Bronze statue

A bronze statue of Rocky, called "ROCKY", was commissioned by Sylvester Stallone and created by A. Thomas Schomberg in 1981. Three statues were created and one was placed on the top of the steps of the Philadelphia Museum of Art for the filming of Rocky III. After filming was complete, a furious debate erupted in Philadelphia between the Art Museum and the City's Art Commission over the meaning of "art". Claiming the statue was not "art" but rather a "movie prop" the city considered various alternate locations and settled upon the front of the Wachovia Spectrum in South Philadelphia. It was later returned to the Art Museum where it was used in the filming of Rocky V, as well as Mannequin and Philadelphia. Afterward, it was again moved to the front of the Spectrum. The statue was returned to the museum's steps on September 8, 2006.

The third of the three statues was listed on eBay in early 2005, with a starting bid of US$5,000,000. It was being auctioned to raise funds for the International Institute for Sport and Olympic History. It failed to sell and was listed again for US$3 million; after receiving only one bid, which turned out to be fraudulent, it has been relisted several times for US$1 million.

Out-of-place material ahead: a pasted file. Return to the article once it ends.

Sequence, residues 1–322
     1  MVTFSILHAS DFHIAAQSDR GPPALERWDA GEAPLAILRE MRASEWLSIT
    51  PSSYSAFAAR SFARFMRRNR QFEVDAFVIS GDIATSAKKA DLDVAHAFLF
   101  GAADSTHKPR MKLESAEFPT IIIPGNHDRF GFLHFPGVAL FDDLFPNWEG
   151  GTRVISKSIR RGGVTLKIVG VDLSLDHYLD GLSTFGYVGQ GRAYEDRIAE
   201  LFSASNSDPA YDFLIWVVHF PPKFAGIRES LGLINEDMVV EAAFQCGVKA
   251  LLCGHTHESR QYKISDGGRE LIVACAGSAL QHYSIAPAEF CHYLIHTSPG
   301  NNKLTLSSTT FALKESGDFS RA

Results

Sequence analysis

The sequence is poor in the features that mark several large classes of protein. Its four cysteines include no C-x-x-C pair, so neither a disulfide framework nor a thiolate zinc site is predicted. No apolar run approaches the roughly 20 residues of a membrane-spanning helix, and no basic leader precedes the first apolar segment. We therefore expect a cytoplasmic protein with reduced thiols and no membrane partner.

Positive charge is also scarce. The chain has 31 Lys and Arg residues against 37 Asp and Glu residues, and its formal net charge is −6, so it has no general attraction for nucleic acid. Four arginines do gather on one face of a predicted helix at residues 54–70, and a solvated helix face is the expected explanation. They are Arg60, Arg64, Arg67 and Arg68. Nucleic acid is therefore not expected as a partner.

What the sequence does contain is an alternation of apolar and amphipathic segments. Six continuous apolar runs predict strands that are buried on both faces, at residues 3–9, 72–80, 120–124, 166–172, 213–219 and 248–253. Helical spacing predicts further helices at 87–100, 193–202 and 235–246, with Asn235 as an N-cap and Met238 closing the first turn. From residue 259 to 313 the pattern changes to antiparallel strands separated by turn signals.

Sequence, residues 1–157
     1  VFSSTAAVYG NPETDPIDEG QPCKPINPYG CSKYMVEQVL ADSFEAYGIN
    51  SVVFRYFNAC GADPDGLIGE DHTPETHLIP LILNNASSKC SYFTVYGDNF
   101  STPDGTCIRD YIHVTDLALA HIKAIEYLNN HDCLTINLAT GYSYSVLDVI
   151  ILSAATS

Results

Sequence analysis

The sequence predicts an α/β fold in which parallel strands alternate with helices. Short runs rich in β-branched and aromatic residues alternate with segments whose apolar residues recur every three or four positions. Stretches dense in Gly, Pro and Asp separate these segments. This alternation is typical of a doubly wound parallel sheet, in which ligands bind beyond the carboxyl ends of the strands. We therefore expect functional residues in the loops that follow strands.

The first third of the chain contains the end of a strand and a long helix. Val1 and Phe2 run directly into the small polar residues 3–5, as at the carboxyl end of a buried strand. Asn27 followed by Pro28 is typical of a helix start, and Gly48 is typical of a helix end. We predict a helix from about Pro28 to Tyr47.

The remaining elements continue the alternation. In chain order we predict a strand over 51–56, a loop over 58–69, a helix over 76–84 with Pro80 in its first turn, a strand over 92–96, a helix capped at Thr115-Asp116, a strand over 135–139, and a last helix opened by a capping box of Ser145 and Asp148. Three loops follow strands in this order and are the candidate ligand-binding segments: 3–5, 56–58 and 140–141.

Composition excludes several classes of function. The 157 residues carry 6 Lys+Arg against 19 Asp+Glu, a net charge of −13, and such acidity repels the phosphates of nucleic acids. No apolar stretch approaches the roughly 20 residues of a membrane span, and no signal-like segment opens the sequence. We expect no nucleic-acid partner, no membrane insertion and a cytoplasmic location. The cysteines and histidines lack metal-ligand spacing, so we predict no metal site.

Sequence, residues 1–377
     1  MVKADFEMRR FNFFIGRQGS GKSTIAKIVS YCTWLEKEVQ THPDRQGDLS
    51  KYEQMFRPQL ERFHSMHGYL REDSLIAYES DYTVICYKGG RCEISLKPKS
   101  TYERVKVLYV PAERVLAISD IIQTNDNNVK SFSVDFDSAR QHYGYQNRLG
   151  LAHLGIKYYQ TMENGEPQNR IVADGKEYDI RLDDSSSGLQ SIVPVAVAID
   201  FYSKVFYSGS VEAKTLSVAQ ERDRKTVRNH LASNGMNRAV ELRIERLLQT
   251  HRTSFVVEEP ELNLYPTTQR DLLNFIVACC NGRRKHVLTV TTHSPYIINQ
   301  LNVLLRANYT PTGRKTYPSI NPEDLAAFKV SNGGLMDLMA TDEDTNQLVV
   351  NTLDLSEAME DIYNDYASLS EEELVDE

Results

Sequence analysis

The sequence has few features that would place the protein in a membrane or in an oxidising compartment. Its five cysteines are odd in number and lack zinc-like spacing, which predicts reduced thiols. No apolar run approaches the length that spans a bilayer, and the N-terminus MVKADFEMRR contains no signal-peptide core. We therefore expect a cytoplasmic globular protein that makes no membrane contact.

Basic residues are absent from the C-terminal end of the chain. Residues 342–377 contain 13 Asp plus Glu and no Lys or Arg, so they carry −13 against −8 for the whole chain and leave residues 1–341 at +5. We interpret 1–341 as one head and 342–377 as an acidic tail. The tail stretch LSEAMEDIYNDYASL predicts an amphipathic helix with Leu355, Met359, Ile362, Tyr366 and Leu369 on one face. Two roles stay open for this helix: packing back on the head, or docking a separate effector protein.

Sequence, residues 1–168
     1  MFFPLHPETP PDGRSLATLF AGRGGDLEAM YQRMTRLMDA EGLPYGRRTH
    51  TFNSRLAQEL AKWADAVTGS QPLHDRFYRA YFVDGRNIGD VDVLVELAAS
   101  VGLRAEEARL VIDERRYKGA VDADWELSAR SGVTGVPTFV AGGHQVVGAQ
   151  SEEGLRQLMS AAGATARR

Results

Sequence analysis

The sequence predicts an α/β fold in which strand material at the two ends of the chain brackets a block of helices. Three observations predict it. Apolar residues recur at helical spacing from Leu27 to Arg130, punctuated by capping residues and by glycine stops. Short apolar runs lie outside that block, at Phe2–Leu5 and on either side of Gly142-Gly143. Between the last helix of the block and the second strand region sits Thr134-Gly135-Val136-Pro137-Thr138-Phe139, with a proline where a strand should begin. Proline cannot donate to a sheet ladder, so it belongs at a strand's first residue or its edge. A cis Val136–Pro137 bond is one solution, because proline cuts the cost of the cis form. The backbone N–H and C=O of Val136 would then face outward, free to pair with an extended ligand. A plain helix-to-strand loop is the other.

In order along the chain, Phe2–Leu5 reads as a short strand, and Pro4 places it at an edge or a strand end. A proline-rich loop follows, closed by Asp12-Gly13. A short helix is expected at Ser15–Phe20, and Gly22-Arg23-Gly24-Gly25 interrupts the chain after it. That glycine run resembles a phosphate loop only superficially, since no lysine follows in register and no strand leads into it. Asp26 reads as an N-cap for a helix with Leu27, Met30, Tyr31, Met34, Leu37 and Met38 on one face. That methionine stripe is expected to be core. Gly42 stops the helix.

The statues weigh 800 pounds each and stand about 8'6" tall.

Trivia

  • The movie's soundtrack contained Survivor's "Eye Of The Tiger." The song was written especially for the film and went on to become an international chart-topper later in 1982.
  • The marching band performing the film's theme (composed by Bill Conti) at the statue unveiling ceremony, is the Abraham Lincoln High School Marching Band from the Philadelphia high school.